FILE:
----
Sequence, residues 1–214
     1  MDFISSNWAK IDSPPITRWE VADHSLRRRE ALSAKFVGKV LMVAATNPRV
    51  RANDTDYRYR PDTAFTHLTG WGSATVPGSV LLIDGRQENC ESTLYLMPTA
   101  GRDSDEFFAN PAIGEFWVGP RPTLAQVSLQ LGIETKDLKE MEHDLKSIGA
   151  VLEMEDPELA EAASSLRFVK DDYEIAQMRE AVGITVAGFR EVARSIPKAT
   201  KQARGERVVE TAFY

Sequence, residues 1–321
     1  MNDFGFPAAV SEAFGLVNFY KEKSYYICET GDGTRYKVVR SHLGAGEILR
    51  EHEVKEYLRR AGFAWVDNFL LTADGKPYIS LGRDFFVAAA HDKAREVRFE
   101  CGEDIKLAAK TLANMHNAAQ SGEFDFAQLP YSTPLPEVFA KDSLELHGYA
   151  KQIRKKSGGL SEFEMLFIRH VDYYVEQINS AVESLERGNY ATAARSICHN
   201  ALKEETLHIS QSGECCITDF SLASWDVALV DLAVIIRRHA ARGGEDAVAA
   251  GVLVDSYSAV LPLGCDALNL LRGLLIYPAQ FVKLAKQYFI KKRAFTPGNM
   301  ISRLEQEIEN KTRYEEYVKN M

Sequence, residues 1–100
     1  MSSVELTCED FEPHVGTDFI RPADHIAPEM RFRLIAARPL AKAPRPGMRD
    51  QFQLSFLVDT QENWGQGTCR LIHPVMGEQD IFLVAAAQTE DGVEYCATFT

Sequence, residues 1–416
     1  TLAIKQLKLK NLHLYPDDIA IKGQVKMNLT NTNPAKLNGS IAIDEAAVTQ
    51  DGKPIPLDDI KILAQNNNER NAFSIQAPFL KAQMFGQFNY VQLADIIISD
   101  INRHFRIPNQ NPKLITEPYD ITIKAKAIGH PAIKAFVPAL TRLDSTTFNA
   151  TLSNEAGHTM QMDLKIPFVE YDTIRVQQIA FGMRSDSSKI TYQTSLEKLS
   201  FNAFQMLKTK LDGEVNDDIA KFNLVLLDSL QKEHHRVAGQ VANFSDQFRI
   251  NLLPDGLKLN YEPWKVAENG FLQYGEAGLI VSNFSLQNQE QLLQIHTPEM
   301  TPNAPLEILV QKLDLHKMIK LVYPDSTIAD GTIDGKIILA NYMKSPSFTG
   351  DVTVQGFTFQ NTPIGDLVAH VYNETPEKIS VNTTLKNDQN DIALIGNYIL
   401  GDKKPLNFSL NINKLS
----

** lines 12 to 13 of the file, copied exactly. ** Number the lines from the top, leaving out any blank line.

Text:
   201  ALKEETLHIS QSGECCITDF SLASWDVALV DLAVIIRRHA ARGGEDAVAA
   251  GVLVDSYSAV LPLGCDALNL LRGLLIYPAQ FVKLAKQYFI KKRAFTPGNM